Owning a home is generally viewed as a better deal than renting, but in cities with exploding home prices and relatively flat rents, that may not be the case anymore.
According to Trulia, it now makes more financial sense to rent than buy in the nation’s two most expensive markets — San Jose and San Francisco. The balance is also shifting in favor of renting in a few other high-cost cities, such as Honolulu, Seattle and Portland, Oregon, according to a recent study by the San Francisco-based company.
Trulia said the overall U.S. market still solidly provides buyers with a financial benefit. But in the five years since Trulia began estimating the financial advantages of buying versus renting, this is the first time renters have come out ahead in any of the major metros it tracks.
In San Jose and San Francisco, renting was 12 percent and 6 percent cheaper, respectively, for the consumer than buying a home, Trulia said. San Francisco and San Jose are outliers, though. The National Association of Realtors, for example, has estimated that for a person earning $100,000, just 2.5 percent of the June listings in San Jose and 9 percent in San Francisco were affordable. Trulia reported that buyers still have a significant advantage over renters in places like Detroit.
Trulia estimated that on a nationwide basis, buying a home was 26 percent cheaper for a consumer than renting as of last month. This is the narrowest gap in five years, and has come down from 41 percent in 2016, according to Trulia. The key factor in closing the gap is that house prices have increased steeply along with mortgage rates, while rents are remaining relatively stable. In San Jose, for example, home prices have jumped up 29 percent in a year, while rents were unchanged. Home values rose 14 percent in San Francisco, and rents fell by 3 percent.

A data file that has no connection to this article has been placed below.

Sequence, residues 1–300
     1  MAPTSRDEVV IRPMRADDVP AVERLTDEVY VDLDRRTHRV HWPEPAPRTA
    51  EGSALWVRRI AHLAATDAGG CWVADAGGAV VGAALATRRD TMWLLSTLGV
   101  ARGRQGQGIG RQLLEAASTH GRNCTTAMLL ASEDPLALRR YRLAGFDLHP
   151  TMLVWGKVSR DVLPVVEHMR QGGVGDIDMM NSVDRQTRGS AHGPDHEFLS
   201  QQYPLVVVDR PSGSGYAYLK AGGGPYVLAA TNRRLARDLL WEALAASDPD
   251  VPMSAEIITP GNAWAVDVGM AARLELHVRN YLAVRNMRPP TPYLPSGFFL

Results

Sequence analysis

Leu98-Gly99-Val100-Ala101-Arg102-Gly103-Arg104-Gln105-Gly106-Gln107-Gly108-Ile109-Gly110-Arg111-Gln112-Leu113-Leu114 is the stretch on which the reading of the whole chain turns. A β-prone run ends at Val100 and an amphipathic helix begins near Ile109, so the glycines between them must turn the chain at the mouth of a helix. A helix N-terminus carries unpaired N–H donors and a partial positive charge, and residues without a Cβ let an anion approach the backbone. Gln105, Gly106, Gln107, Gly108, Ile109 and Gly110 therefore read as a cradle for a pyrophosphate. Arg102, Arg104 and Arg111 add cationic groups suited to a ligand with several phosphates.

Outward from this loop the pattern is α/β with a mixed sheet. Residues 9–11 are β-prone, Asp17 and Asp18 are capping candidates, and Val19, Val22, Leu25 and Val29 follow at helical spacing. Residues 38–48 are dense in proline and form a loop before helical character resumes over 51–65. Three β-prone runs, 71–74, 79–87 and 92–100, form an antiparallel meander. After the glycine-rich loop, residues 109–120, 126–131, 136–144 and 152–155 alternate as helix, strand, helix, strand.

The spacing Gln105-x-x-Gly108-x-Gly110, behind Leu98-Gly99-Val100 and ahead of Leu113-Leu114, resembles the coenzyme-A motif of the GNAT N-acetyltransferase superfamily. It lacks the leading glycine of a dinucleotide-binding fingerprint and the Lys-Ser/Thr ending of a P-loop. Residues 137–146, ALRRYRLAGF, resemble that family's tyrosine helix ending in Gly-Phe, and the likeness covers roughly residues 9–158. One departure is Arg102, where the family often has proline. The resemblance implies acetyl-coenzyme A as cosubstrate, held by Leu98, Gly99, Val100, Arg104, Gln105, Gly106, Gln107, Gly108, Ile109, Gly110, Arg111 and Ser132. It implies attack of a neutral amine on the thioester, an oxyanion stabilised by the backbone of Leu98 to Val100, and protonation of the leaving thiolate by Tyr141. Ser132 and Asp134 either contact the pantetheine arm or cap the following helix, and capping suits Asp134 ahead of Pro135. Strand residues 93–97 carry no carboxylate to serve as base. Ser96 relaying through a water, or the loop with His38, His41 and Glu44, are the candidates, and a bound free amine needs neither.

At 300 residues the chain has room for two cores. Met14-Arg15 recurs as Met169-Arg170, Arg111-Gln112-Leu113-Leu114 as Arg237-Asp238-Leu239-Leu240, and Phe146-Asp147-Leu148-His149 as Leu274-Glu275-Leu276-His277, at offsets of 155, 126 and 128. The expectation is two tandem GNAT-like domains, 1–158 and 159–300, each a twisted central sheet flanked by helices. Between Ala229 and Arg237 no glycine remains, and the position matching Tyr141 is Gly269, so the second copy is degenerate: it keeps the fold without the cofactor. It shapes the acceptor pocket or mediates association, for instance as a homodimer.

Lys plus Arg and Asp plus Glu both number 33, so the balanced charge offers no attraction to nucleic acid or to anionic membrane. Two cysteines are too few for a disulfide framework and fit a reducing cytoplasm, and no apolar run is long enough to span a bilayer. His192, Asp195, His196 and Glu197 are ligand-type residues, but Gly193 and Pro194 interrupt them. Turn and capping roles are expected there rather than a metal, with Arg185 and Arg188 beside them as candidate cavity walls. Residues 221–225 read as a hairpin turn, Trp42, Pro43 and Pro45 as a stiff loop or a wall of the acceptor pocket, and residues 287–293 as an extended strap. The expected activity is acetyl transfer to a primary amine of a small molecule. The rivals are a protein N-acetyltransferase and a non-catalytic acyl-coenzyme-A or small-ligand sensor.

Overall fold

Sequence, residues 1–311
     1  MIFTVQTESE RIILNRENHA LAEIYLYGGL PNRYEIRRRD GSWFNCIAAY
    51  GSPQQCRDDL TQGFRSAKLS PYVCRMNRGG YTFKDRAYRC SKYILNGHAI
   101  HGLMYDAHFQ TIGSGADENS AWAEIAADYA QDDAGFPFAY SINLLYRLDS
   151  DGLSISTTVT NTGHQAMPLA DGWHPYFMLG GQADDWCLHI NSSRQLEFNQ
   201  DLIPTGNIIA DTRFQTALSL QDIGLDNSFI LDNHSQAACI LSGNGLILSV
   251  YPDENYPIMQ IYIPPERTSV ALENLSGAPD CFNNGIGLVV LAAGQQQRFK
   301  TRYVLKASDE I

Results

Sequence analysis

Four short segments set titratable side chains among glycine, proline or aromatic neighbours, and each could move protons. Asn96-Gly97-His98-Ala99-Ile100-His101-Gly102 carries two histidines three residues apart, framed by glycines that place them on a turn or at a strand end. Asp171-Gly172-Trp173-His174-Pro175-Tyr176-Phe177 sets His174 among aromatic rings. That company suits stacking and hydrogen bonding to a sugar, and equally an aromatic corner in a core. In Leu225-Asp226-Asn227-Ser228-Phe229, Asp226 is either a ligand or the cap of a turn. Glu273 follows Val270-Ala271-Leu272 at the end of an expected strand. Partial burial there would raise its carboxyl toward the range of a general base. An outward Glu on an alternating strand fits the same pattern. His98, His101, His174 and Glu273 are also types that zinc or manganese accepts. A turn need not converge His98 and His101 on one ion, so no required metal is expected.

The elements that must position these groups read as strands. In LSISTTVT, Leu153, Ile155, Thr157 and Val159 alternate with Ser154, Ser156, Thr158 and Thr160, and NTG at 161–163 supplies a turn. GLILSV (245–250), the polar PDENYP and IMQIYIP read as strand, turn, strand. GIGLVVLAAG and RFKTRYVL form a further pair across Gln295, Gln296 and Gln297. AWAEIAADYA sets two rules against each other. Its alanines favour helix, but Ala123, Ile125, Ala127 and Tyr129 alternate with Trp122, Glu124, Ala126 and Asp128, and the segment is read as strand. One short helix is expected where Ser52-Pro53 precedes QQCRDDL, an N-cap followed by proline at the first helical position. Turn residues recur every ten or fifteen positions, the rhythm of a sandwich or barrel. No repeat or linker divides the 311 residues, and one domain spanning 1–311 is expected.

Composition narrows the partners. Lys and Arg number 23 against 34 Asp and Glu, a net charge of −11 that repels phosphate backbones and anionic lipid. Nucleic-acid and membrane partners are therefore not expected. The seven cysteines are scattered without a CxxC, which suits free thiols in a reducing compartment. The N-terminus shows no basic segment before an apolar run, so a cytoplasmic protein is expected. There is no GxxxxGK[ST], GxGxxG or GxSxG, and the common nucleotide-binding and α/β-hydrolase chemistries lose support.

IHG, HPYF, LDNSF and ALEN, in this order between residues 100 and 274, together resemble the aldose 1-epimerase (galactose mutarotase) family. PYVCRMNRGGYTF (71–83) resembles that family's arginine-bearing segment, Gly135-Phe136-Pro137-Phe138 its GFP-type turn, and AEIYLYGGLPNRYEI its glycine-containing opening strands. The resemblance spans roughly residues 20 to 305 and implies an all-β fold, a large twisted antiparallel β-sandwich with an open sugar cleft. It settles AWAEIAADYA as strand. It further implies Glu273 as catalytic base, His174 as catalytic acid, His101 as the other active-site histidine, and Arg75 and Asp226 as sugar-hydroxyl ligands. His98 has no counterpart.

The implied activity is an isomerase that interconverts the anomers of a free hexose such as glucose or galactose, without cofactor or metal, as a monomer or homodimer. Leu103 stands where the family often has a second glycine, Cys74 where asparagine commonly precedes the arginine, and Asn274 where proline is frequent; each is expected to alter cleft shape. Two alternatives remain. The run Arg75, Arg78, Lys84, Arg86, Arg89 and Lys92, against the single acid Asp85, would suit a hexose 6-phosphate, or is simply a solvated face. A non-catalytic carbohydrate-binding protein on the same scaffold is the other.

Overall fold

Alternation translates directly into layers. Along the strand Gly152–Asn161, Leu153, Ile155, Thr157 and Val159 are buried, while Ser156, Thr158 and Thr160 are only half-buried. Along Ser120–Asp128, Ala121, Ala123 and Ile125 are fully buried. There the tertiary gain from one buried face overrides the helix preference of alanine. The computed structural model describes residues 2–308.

“There are a lot of factors,” Trulia’s Senior Economist Cheryl Young said during an interview on Thursday. “Obviously, mortgage rates are going up. That is going to tip the scales a little bit toward renting, but also home value appreciation is far outpacing rent growth right now. So, rents are pretty much cooling out. As they cool down and home prices track up, that margin between buying and renting starts closing.”
Young said the balance could tip in favor of renters in other cities as well.
“There are markets that are always close to that margin, and things that could tip it,” she said. “If mortgage rates were to rise and we still see rents flattening and even decreasing as they have been in some places relative to rising home prices, we may see some markets tip.”
Trulia’s calculations include forecasts on future rent and price appreciation, and also estimates on how much a renter can potentially earn by investing in other vehicles. Trulia assumes that the buyer will stay in the home for seven years, put 20 percent down on a 30-year fixed mortgage.
Other housing analysts told Scotsman Guide News that gauging the advantages of buying versus renting can be a tricky exercise.